A Minneapolis City Council committee voted Monday to revoke the rental licenses of 16 North Side properties, angering housing advocates who claimed tenants were being unfairly forced from their homes.
If approved by the full council Friday, the action stripping landlord Ron Folger of permission to rent the homes would be the third-biggest revocation of rental licenses for a single owner by the city.
Fifth Ward Council Member Don Samuels said afterward that the council vote will "send a message that you will have to keep properties in good condition with good conduct or you will be not be able to rent in Minneapolis."
Peter Brown, secretary of the Minnesota Tenants Union, said he felt "kicked in the stomach" by the vote and that the units' tenants will be victims. Tenants Union members attending the committee hearing chanted "heartless" at council members after the vote.
Elizabeth Glidden, committee chairwoman, acknowledged the Tenants Union's concerns, proposing the eviction of tenants of the 14 rented houses and two rented duplexes be stayed for 90 days or longer "to ensure that affected tenants are relocated to suitable housing arrangements" and city staff work to help relocate the tenants. That motion also passed unanimously.
Before the hearing, Brown had suggested the properties be placed in court-ordered receivership and the tenants allowed to stay in place. But city officials said that wasn't possible because Folger's licenses were being revoked for his having incurred two prior revocations, not for current housing code violations.
Glidden said city ordinance requires the revocation of all rental licenses of a property owner for five years if the owner has two or more revocations. The council revoked one Folger license in January when he failed to produce a management plan after a tenant was arrested for drug dealing on the premises.
A second rental license was revoked in April for Folger's failure to meet an inspector to check whether violations had been corrected on a house.
The violations included "deteriorated ceilings" in the bathroom, "broken and missing glass in storm windows and primary windows," "torn, split or missing screening," no carbon monoxide alarm and a "chirping" smoke detector on the first floor, lack of proper handrails on the basement stairs, and a rotten cabinet base beneath a kitchen sink.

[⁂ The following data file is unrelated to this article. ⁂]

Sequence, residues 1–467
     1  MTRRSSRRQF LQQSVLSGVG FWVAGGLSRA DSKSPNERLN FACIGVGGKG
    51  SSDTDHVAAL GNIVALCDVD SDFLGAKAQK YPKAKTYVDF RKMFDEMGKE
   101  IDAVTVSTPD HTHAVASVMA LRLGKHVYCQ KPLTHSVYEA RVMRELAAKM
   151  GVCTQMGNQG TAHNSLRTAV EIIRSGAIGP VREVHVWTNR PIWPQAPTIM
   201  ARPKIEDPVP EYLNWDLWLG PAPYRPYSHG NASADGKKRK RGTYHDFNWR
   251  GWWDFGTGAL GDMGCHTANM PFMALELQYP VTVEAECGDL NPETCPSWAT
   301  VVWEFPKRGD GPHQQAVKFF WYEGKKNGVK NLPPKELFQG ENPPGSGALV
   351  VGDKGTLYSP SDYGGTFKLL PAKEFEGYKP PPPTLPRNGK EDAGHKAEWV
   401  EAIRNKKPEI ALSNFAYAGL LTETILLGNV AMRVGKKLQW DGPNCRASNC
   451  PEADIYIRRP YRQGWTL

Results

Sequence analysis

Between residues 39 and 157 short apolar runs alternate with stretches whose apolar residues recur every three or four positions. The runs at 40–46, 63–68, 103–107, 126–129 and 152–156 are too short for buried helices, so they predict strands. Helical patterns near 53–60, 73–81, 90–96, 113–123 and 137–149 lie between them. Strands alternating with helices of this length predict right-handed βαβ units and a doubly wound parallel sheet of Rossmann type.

The inspections department has cited him for 368 violations on 15 properties since 2009.
At the committee meeting, Folger blamed a housing manager for failure to evict the tenant selling drugs, and said a tenant had changed the locks on the other house, making it a problem to gain entry.
Folger, who lives in Oakdale, said in an earlier interview that he started buying homes in 2005 during the foreclosure meltdown. He was also working in the Star Tribune mailroom, and said he felt overwhelmed by his responsibilities. He recently retired.
Samuels defended the revocations of Folger's licenses, calling him a "slumlord" in comments after the meeting. He said that several years ago the council approved the ordinance to revoke all rental licenses after two revocations, because some landlords with five or six revocations were still being allowed to rent. Residents were fleeing the North Side because of crime and deteriorated housing conditions, he said.
Glidden said Monday's proceeding was a "quasi-judicial hearing" and not a public hearing, so the public could not speak. That upset some in the crowd. Bill McGaughey, a leader of the Minneapolis Property Rights Action Committee, a landlord group, led the "heartless" chants.
The regulatory services department had planned to revoke 17 of Folger's licenses, but the department said Monday one property had been sold.
Glidden said Folger could appeal the council action to the Minnesota Court of Appeals and Folger said afterward that he planned to do so.
Randy Furst • 612-673-4224